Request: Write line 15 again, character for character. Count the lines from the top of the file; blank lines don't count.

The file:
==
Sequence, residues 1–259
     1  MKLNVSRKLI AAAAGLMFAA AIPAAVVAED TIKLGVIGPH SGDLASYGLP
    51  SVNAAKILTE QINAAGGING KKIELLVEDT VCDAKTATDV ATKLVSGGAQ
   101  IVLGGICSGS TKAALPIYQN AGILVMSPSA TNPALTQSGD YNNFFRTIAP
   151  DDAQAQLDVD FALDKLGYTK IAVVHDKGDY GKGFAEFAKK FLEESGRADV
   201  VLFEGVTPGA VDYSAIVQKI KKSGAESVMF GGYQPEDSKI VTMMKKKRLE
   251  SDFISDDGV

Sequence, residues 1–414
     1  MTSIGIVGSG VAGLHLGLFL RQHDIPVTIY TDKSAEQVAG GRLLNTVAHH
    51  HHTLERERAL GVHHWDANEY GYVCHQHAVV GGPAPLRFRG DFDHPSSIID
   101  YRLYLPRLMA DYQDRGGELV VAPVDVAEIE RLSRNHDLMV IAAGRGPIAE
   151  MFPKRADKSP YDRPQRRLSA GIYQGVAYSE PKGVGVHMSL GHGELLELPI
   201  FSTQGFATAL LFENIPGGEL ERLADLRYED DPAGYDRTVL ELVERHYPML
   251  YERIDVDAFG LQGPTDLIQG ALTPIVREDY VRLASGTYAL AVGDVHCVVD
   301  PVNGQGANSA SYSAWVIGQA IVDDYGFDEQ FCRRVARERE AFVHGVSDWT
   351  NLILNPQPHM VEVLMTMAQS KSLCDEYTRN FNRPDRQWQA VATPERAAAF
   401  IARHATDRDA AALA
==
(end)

   301  PVNGQGANSA SYSAWVIGQA IVDDYGFDEQ FCRRVARERE AFVHGVSDWT